A rose by any other name would smell as sweet. ‘Tis true. If it were called bog shrub we would love it just the same.
It’s not true for your to-do list, however.
A to-do list should have a handful of concrete tasks on it that are related to your projects. Problems start growing when it’s used as a catch-all for everything you have to do.
This is a common problem for creative, expansive thinkers. They have no difficulties filling up to-do lists. When I did a brain dump recently with Nancy, she told me her head was churning out ideas like a popcorn popper.
As we talked about her list, it became clear that some things needed to be done right away so that other things could happen. Some things she really wanted to do now. Then there were other things that could wait a bit.
It was confusing to have all of these on her to-do list. I suggested that, for starters, she put the things that could wait onto a new list and call it the “deep freeze.”
Simply dividing and renaming the list let Nancy mentally set aside those ideas so she could concentrate on today’s work. The ideas don’t get lost or forgotten. They’re safely stored for the future. She can review that list anytime to see what should be moved onto it or off of it.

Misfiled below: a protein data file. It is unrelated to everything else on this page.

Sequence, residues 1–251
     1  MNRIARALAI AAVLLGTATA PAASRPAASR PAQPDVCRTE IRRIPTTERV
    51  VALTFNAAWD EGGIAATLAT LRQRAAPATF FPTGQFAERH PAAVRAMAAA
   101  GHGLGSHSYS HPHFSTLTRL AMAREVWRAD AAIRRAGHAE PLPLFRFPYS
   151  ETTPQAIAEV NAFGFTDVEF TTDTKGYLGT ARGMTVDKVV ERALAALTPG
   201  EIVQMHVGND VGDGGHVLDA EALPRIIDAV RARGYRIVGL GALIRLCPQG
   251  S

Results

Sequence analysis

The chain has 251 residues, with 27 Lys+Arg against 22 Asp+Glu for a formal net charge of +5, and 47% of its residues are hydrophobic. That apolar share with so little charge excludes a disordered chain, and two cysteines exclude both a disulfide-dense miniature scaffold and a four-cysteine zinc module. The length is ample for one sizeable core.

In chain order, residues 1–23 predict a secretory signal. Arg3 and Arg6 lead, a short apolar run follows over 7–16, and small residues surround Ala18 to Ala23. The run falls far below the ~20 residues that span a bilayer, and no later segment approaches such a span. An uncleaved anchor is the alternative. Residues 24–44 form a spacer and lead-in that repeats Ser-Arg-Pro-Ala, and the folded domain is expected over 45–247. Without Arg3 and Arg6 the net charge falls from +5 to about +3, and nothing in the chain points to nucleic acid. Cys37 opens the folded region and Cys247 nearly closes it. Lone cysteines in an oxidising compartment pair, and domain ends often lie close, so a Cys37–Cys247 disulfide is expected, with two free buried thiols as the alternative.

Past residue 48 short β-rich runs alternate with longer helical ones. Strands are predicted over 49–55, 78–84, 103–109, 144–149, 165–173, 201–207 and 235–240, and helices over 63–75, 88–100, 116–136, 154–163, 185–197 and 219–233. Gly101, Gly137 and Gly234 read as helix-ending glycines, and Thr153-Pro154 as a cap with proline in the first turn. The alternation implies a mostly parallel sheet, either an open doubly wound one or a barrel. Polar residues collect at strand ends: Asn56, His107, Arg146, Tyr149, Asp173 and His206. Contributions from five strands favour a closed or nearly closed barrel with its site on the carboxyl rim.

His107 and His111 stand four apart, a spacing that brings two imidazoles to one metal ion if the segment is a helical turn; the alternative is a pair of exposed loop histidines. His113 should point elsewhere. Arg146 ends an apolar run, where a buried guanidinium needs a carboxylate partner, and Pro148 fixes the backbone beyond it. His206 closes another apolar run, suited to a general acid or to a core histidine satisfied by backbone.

How can you divide up your too-long to-do list?
Some people use names like “projects,” “work,” or “personal.” Those are fine, but it might motivate and focus you to use more descriptive phrases such as “deep freeze,” “back burner,” “holding pen,” “bucket list,” “next in line,” “crystal ball,” “wait ‘n’ see” or “parking lot” for the things you’re not going to do now.
For the tasks you want to do try “cool stuff,” “dream bag,” “love it,” “empire building,” or “world domination.”
For current stuff, try “right now,” “today,” “just do it,” “on fire,” “yes!” “in progress,” “daily specials,” or “full speed ahead.”
Those phrases all have different feels to them, don’t they? It’s important to choose names that inspire you. If you’re motivated by urgency, for example, go for something like “on fire.” If you like metaphors and themes like Havi does, call it something like “the pony corral.”
Be totally silly and call your list “Debbie.”
There are two points here. First, divide your list into things you will do today and those you’ll do in the future (the latter can be several lists). Second, pick names for your lists that are evocative and meaningful to you.
List names are significant. They help us clarify and categorize our thoughts. Names have attitudes and moods associated with them that we can use to motivate us. Plus, they can be fun, and, ahem, we all need that.